About Ready-to-Use Cardene(R) I.V.

Cardene(R) I.V. (nicardipine hydrochloride) is a calcium ion influx inhibitor indicated for the short-term treatment of hypertension when oral therapy is not feasible or desirable. Formerly supplied only in ampules, Cardene I.V. is now available in patented Ready-to-Use (RTU) preparations consisting of single (0.1 mg/mL) and double (0.2 mg/mL) concentrations of nicardipine in either dextrose or saline premixed in 200 ml intravenous bags.

Ready-to-Use Cardene I.V. Premixed Injection provides significant practical advantages for hospitals, including the convenience of point-of-use access in patient care areas, storage in automated dispensing cabinets, and extended product stability. In addition to supporting The Joint Commission3 standards and American Society of Health-System Pharmacists4 guideline for dispensing medication in the most ready to administer form, RTU Cardene I.V. facilitates rapid intervention in emergency settings, eliminates point-of-care medication admixture errors, and is well suited to meet a hospital’s after-pharmacy-hours medication needs5.

Close monitoring of the blood pressure is required during therapy. Cardene I.V. is contraindicated in patients with known hypersensitivity to the drug and in patients with advanced aortic stenosis. Reduction of diastolic pressure and reduced afterload may worsen rather than improve myocardial oxygen balance. Caution is advised when administering Cardene I.V. to patients with impaired renal or hepatic function, in combination with a beta-blocker in patients with congestive heart failure, or portal hypertension. Observe caution in patients with significant left ventricular dysfunction due to possible negative inotropic effect. Cardene I.V. gives no protection against the dangers of abrupt beta-blocker withdrawal; beta-blocker dosage should be gradually reduced. Levels of cyclosporine should be closely monitored during therapy. The most common side effects of Cardene I.V. are headache (14.6%), hypotension (5.6%), nausea/vomiting (4.9%), and tachycardia (3.5%). Less frequent adverse effects, in each case occurring at 1.4%, include ECG abnormalities, postural hypotension, ventricular extrasystoles, injection-site reaction, dizziness, sweating and polyuria.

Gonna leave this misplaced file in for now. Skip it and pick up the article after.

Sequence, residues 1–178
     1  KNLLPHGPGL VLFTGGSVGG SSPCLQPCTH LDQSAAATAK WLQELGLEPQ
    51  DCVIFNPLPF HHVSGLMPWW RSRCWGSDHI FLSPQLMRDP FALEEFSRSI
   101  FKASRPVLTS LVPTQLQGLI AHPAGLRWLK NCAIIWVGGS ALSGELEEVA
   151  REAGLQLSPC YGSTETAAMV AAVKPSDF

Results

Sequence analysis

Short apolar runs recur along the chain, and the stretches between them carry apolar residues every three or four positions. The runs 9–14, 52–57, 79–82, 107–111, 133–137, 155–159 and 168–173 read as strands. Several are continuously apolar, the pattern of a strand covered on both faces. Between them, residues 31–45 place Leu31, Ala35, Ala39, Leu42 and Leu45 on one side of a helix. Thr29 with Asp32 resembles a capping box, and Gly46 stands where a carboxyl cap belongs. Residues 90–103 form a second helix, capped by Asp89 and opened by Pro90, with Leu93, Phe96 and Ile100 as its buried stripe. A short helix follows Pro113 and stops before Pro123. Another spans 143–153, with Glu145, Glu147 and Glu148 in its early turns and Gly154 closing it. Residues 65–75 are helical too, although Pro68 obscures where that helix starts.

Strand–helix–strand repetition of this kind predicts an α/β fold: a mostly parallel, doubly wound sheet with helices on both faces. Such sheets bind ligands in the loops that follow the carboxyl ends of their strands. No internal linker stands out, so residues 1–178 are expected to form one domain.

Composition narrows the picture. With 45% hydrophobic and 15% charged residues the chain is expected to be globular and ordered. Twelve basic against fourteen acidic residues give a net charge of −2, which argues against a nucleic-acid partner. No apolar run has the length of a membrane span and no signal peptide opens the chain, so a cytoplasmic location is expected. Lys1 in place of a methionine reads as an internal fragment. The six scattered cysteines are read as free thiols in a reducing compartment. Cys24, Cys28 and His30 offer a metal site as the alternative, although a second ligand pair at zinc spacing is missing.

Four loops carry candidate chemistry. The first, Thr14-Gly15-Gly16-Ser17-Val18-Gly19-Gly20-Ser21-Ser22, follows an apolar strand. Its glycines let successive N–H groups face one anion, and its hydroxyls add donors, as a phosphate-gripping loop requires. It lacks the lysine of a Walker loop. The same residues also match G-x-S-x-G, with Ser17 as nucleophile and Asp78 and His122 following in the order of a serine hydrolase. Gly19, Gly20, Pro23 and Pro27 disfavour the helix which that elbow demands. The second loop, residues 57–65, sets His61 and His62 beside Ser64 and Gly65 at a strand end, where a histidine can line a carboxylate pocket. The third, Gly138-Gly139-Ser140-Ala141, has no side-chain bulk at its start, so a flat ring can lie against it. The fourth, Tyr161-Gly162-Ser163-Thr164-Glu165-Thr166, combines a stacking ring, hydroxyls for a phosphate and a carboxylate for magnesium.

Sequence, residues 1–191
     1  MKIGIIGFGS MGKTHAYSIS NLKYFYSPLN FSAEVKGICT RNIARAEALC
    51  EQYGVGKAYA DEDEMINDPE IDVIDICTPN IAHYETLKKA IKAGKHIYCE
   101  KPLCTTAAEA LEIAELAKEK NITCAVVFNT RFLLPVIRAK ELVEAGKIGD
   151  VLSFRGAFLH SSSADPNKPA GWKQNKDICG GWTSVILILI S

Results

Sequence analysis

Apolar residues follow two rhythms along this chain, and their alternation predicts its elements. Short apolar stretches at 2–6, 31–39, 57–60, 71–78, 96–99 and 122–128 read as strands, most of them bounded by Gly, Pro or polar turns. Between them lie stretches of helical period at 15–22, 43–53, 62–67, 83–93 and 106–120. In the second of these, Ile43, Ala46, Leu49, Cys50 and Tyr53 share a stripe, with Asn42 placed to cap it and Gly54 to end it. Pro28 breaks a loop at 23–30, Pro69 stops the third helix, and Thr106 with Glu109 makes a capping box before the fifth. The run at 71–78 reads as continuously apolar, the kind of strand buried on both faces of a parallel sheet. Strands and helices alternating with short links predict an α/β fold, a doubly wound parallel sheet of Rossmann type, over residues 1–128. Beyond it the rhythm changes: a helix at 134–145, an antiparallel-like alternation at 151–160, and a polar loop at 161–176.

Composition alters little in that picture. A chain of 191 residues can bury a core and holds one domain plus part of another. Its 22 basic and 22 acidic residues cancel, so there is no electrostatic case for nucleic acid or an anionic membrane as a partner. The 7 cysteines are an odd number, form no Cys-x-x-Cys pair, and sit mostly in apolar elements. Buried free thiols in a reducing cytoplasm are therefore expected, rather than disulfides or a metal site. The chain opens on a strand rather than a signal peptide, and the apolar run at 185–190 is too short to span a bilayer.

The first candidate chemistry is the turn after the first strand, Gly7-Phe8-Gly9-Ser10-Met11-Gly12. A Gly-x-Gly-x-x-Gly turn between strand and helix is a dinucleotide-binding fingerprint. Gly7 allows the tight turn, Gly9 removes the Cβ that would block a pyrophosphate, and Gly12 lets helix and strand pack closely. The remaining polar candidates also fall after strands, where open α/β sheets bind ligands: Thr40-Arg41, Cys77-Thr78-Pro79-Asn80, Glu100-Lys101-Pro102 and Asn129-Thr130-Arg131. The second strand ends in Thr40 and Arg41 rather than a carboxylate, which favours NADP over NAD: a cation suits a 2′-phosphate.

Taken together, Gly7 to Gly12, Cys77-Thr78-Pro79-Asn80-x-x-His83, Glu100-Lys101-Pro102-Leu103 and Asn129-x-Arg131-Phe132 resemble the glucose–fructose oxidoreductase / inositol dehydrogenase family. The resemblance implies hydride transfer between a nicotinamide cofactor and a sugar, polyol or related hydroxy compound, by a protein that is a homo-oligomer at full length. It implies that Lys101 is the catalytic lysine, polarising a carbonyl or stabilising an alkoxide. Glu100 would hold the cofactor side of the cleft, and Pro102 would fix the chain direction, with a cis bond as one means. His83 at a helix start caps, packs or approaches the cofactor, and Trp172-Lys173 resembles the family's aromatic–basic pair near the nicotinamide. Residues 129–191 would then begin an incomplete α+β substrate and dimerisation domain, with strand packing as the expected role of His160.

Full prescribing, safety, and additional information on Cardene I.V. is available at www.cardeneiv.com

About EKR Therapeutics

EKR Therapeutics is a specialty pharmaceutical company focused on acquiring, developing and maximizing the potential utility of critical-care hospital products offering broader therapeutic options and greater control to improve in-patient care, speed recovery, and achieve optimal outcomes. Backed by the strength of its award winning management team, the dedication of its field force of product specialists and its commitment to excellence in customer service and medical education, EKR has been organized to be a class leader in commercializing products to address unmet and under-satisfied medical needs or to otherwise enhance the therapeutic value of acute-care products. For additional information about EKR visit the Company’s website at www.ekrtx.com.

References:

1. Liu-DeRyke X, Parker D, Atkinson BE, et al. A Prospective Evaluation of labetalol vs. Nicardipine for Blood Pressure Management in Patients with Acute Stroke. Crit Care Med. 2009;37(12):A161. Abstract 342.

2. National Institute of Neurological Disorders and Stroke (NINDS); Stroke Information Page. http://www.ninds.nih.gov/disorders/stroke/stroke.htm Accessed January 10, 2010

3. Rich DS. New JCAHO medication management standards for 2004. Am J Health-Syst Pharm. 2004; 61(13):1349-1458.

4. American Society of Health-System Pharmacists. ASHP guidelines: minimum standard for pharmacies in hospitals. Am J Health-Syst Pharm. 1995; 52:2711–7.

5. Fanikos J, Erickson A, Munz KE, et al. Observations on the use of ready-to-use and point-of-care activated parenteral products in automated dispensing cabinets in U.S. hospitals. Am J Health-Syst Pharm. 2007; 64(19):2037-2043.


Source: EKR Therapeutics